Hyperboloid model
The hyperboloid model, which goes back to Poincaré, embeds the hyperbolic plane in the three-dimensional Minkowski space .
Erlangen program
In the sense of Felix Klein's Erlanger program, hyperbolic geometry is the geometry of
- .
The Beltrami-Klein model shows that hyperbolic geometry can be understood as part of projective geometry.
triangle
In real hyperbolic geometry, the sum of the angles in a triangle is always smaller than π (180 degrees; or two rights, if you want to avoid the angle measure). For very large triangles it can be made as small as you want. The area of the triangle is calculated using Johann Heinrich Lambert's formula:
where α , β and γ are the respective angles, Δ is the area and the constant C is a scaling factor. The scaling factor C depends on the system of units used and should basically be set to 1. If the factor C is negative, one speaks of a (positive) Gaussian curvature . Similarly, Thomas Harriot previously defined the formula in 1603
for the area of a triangle on a spherical surface that is formed by circles with the same radius as the sphere. The relationship applies here
- .
Since the hyperbolic geometry requires a positive value for C , R must be due to
be about an imaginary radius.
See also
- Hyperbolic space
- Elliptical geometry
- Nikolai Lobachevsky
- János Bolyai
- Giovanni Girolamo Saccheri and Saccheri-Viereck
literature
- history
- Jeremy Gray: Ideas of Space: Euclidean, Non-Euclidean, and Relativistic . 2nd Edition. Oxford University Press, Oxford 1989, ISBN 0-19-853935-5 .
- Marvin Jay Greenberg: Euclidean & Non-Euclidean Geometries: Development and History. WH Freeman, 1993, ISBN 0-7167-2446-4 .
- David Hilbert : Fundamentals of Geometry . 14th edition. Teubner, Stuttgart / Leipzig 1999, ISBN 3-519-00237-X ( online copy of the 1903 edition [accessed on June 28, 2013]).
- Nikolai I. Lobachevsky: Pangeometry, Edited and translated by Athanase Papadopoulos, Heritage of European Mathematics. Vol. 4, European Mathematical Society (EMS), Zurich, ISBN 978-3-03719-087-6 .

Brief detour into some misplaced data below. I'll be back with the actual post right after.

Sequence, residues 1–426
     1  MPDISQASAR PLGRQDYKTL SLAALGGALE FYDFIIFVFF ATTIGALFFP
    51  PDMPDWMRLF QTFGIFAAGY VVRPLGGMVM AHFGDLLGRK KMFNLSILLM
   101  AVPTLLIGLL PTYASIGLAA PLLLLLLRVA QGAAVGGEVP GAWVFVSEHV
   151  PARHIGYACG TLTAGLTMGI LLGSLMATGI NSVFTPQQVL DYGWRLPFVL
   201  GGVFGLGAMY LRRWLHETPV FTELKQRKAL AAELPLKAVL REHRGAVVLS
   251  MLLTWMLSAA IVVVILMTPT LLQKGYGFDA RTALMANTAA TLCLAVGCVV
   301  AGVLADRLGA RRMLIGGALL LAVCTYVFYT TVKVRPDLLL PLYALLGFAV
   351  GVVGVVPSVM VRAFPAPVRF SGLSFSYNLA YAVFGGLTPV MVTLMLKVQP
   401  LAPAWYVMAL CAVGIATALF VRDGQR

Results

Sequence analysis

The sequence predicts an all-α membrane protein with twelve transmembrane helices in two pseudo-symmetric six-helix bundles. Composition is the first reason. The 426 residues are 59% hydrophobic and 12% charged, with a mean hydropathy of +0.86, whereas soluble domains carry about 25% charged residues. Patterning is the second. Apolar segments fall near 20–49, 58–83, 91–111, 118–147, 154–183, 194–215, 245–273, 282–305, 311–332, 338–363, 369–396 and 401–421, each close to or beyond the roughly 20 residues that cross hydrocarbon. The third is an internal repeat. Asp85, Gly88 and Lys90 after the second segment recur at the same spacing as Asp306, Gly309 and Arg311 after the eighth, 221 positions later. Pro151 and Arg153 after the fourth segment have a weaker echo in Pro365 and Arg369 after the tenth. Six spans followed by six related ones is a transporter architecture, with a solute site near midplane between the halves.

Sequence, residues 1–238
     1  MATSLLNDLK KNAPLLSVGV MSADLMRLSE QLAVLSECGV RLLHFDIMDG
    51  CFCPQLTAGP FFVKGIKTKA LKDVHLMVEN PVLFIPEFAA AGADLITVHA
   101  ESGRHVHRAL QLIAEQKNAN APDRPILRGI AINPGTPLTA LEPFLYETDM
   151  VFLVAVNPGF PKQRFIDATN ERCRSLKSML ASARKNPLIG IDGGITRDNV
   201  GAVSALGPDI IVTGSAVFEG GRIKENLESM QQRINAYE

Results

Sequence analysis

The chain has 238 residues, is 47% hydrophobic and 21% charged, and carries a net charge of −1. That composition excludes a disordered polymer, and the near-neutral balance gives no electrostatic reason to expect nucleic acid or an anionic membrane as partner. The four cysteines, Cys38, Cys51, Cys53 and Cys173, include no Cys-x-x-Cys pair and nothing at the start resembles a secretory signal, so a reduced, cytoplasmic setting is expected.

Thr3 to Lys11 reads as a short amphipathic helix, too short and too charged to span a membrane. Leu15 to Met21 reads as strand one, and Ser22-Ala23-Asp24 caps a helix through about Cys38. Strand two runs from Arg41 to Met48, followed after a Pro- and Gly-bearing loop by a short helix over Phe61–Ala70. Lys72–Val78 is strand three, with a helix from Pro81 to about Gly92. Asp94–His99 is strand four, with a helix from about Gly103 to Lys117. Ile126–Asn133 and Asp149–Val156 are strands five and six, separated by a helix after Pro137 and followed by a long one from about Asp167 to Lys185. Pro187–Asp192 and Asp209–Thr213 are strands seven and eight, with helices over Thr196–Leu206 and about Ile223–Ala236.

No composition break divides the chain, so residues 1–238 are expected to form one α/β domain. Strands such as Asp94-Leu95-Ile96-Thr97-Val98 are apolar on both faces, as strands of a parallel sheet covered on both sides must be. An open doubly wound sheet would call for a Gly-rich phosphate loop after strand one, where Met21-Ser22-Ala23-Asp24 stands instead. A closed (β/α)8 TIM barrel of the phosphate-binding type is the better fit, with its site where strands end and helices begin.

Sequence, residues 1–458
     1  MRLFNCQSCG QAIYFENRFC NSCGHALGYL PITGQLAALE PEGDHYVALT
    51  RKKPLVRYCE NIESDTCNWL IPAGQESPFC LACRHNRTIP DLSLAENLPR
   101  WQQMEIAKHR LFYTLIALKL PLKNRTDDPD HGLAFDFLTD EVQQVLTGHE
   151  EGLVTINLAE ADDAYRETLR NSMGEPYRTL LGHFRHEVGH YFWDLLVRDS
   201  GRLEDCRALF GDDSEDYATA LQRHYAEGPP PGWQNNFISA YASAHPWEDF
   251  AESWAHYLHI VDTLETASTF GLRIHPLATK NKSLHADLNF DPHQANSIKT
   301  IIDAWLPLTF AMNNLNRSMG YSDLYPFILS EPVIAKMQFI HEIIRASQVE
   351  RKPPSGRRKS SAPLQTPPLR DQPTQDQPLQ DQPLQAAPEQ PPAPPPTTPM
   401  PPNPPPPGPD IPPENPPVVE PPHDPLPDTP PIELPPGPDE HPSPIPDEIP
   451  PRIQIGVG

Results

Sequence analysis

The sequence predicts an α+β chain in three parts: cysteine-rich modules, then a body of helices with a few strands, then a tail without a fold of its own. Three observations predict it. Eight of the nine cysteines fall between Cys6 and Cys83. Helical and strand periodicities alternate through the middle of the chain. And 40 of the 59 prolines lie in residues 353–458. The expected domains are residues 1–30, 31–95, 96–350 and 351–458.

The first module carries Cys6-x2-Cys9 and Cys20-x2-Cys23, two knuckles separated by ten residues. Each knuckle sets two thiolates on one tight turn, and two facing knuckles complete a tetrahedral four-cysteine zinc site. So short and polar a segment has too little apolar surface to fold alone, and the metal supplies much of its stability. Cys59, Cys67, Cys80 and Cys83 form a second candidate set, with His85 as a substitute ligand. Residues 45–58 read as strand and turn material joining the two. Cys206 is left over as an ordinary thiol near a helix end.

- Hyperbolic geometry in the context of differential geometry (geometries on surfaces)
- Norbert A'Campo, Athanase Papadopoulos: Notes on hyperbolic geometry. In: Strasbourg Master class on Geometry. European Mathematical Society (EMS), Zurich, ISBN 978-3-03719-105-7 , pp. 1–182, doi: 10.4171 / 105 . (IRMA Lectures in Mathematics and Theoretical Physics, Vol. 18)
- Athanase Papadopoulos (Ed.): Handbook of Teichmüller theory. Vol. I, European Mathematical Society (EMS), Zurich 2007, ISBN 978-3-03719-029-6 , doi: 10.4171 / 029 . (IRMA Lectures in Mathematics and Theoretical Physics 11)
- Athanase Papadopoulos (Ed.): Handbook of Teichmüller theory. Vol. II, European Mathematical Society (EMS), Zurich 2009, ISBN 978-3-03719-055-5 , doi: 10.4171 / 055 . (IRMA Lectures in Mathematics and Theoretical Physics 13)
- Athanase Papadopoulos (Ed.): Handbook of Teichmüller theory. Vol. III, European Mathematical Society (EMS), Zurich 2012, ISBN 978-3-03719-103-3 , doi: 10.4171 / 103 . (IRMA Lectures in Mathematics and Theoretical Physics 19)
- The (real) hyperbolic plane as a model of an absolute geometry in the Hilbertian sense
- Friedrich Bachmann : Structure of geometry from the concept of reflection . 2nd supplemented edition. Springer, Berlin / Heidelberg / New York 1973, ISBN 3-540-06136-3 , V: Hyperbolic Geometry and §20.13: Hilbert Planes ( defines absolute geometry in a very general way, explains the peculiarities of real hyperbolic geometry against this background).
- Benno Klotzek: Euclidean and non-Euclidean elementary geometries . 1st edition. Harri Deutsch, Frankfurt am Main 2001, ISBN 3-8171-1583-0 ( elementary does not simply mean here : solving construction tasks and coordinating the “classic” non-Euclidean geometries).
Individual evidence
- ↑ ^{a } ^{b} Klotzek (2001), 2.1
- ↑ Susanne Müller-Philipp, Hans-Joachim Gorski: Guide to Geometry: For students of teaching posts . Vieweg + Teubner Verlag, 5th expanded edition, 2012, ISBN 978-3-8348-1234-6 , p. 71 ( excerpt (Google) )